It is necessary to look for local support and build allies in order to form a supporter coalition. First and foremost, identify and create a database of local residents who are in favor, against or undecided about the project. A good way to begin is by conducting a poll or establishing a phone bank, asking local residents about their view of the renewable energy industry in general, and about your development plan in particular. The results of the surveys may then be published to showcase the positive attitude in the community toward your venture.
Once the database is created, it has to be maintained and updated frequently for the campaign management to be aware of any changes in the local opinion. One way to do this is through a targeted direct mail and/or advertising campaign. A strong social media campaign may also work as a modern tool to spread your message, reach out to the community and provide supporters with a communication outlet. Although many campaigns use modern technology to deliver a message, most grassroots campaigns mainly rely on direct face-to-face interaction between the developers and local communities.
Reach Out to Supporters
Now that you have distinguished supporters from opposition, the next step is to reach out to third-party groups that support your development. These could be anything from small businesses to a local decision maker. Those companies or groups with whom you have had a positive relationship or will benefit from your project should be encouraged to participate in the campaign.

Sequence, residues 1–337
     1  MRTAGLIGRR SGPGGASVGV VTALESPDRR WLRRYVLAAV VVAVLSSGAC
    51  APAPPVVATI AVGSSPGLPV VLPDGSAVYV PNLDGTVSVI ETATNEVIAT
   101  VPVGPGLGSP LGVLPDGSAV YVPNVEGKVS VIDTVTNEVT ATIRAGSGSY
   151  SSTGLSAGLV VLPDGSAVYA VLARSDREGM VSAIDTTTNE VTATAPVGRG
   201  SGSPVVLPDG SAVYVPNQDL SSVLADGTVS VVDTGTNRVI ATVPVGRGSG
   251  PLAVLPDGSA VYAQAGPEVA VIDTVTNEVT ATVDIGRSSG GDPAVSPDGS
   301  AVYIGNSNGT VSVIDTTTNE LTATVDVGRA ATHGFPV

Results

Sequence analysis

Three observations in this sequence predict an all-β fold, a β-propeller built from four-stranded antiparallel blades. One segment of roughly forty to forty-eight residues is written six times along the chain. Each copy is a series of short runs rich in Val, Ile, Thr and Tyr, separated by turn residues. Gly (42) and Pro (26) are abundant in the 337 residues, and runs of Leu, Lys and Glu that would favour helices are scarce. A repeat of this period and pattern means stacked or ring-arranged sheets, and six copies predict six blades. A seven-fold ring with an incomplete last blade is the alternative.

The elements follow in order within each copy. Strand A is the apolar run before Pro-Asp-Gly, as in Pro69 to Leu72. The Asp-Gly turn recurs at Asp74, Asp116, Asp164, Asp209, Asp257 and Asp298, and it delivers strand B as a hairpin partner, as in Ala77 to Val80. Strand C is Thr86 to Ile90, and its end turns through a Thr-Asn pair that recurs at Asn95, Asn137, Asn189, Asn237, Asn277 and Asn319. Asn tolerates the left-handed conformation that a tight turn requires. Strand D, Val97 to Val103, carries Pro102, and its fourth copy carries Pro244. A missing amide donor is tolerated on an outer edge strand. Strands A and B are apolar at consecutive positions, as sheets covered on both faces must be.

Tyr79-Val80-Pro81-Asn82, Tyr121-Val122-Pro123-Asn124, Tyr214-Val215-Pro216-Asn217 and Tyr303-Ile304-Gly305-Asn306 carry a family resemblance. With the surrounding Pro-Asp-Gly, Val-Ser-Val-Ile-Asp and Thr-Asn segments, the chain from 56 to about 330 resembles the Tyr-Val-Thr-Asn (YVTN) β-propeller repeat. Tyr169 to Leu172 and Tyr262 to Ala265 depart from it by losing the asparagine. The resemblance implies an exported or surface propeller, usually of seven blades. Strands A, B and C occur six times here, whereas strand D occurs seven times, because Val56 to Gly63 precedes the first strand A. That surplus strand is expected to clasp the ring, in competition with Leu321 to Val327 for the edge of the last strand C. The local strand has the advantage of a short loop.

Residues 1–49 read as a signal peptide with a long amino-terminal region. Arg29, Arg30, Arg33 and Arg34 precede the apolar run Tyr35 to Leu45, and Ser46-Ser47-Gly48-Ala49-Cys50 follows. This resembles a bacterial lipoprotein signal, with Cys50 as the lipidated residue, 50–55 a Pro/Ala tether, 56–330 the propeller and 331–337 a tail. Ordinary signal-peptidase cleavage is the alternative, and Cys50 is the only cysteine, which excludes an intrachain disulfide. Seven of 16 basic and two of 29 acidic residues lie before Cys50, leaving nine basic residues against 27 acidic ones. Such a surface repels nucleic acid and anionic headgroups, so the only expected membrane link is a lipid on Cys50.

Residents should express their support through writing letters to their elected officials or newspapers. Those who are looking to support further can attend public hearings where they can speak about the benefits of your project. Most likely, an independent pro-group would have emerged by now and will actively participate in all aspects of the campaign.
You may choose to fight NIMBY on your own. Experience shows, however, that hiring a specialized firm will provide you with the necessary tactics to ensure support for your development. More often than not, the public relations firm you are looking to employ may not be equipped with the necessary tools and experience to tackle the NIMBY issue. Public relations specialists may help you develop your brand, create your image, and give your company the publicity it needs. Those benefits may be useful in some instances, but experience in grassroots campaigns is necessary to properly assess your project and analyze your NIMBY issues. Your best bet is to consult a public affairs organization. Professionals, trained in grassroots, will make sure that the correct message from your company is being distributed to the community and the silent majority is heard. The way you approach the situation will make all the difference.
When it came down to it the chief executive officer of that biomass corporation had a decision to make. He could choose to ignore the NIMBY fight, avoid communicating with the local community and take the situation to an unnecessary level of tension. Instead the company’s management team hired a specialized firm that developed a strategy, engaged in conversation with the community and encouraged the proponents of the project to voice their support. Soon after the conflict was put to rest, the permit was granted and the company went on to build the plant.
Author: Al Maiorino
President, Public Strategy Group Inc.